You don’t have to be a financial planner to recognize that these disparate amounts are gong to have a significant impact on the quality and timing of Rita and Alison’s retirement.
The Role of Investment Returns
Changing behaviors—especially spending and saving behaviors—can be hard. So hard, in fact, that it can be tempting for financial advisors and their clients alike to put their faith and hope instead in oversize investment returns. The thinking goes: “well, I’ll just have to do better on the investing side in order to make up for poor savings behaviors.”
Let’s consider this variable by changing the hypothetical. Let’s assume now that instead of receiving the paltry market-average annualized returns of 6%, Alison is able to find an advisor or asset manager that beats the market every single year by 2.5%. We’ll keep all of the other variables the same, except now Rita earns 6% in investment returns every year as compared to Alison’s market-beating 8.5% return.
Here’s what the future looks like now:
The additional 2.5% investment alpha every single year for 40 years closes the gap for Alison, but not nearly as much as we might have expected. Now at the end of that long period of time, Alison has amassed $995,493 as compared to Rita’s $1,398,598. Still a very significant and meaningful delta at a 40% larger retirement nest egg.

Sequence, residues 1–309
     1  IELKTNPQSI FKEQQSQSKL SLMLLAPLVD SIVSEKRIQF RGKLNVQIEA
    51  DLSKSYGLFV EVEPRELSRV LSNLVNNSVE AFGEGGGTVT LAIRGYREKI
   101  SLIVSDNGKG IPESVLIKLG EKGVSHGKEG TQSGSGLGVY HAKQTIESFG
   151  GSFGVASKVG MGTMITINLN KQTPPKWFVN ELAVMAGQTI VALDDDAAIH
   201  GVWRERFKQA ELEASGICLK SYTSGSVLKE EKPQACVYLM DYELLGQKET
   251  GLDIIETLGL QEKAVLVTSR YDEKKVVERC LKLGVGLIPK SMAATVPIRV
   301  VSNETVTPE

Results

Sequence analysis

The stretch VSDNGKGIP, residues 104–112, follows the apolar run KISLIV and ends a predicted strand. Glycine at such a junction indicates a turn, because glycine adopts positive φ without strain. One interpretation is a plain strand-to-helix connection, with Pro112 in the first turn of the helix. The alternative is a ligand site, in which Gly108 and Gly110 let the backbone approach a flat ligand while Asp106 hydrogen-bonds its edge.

And keep this in mind: while Rita’s result based on 6% annualized total returns and a 17% savings rate is completely plausible and largely within her control, the 2.5% investment alpha scenario (consistent and unfailing over a 40-year period) is, if we’re being realistic, largely if not completely impossible.
Using future-value calculations to put dollar figures on these various savings rates over a 40-year working career vividly and dramatically paints the picture of the disparate financial results to be achieved through a change to this critical variable. In our experience, it is easy for both professional financial advisors and their clients to be focused on the more sexy data point of investment returns. But in reality the savings-rate variable has a much greater impact on long-term financial success. And as an additional plus, it also happens to be wholly within your control.
Guest Contributor: Tim Fallow, DataPoints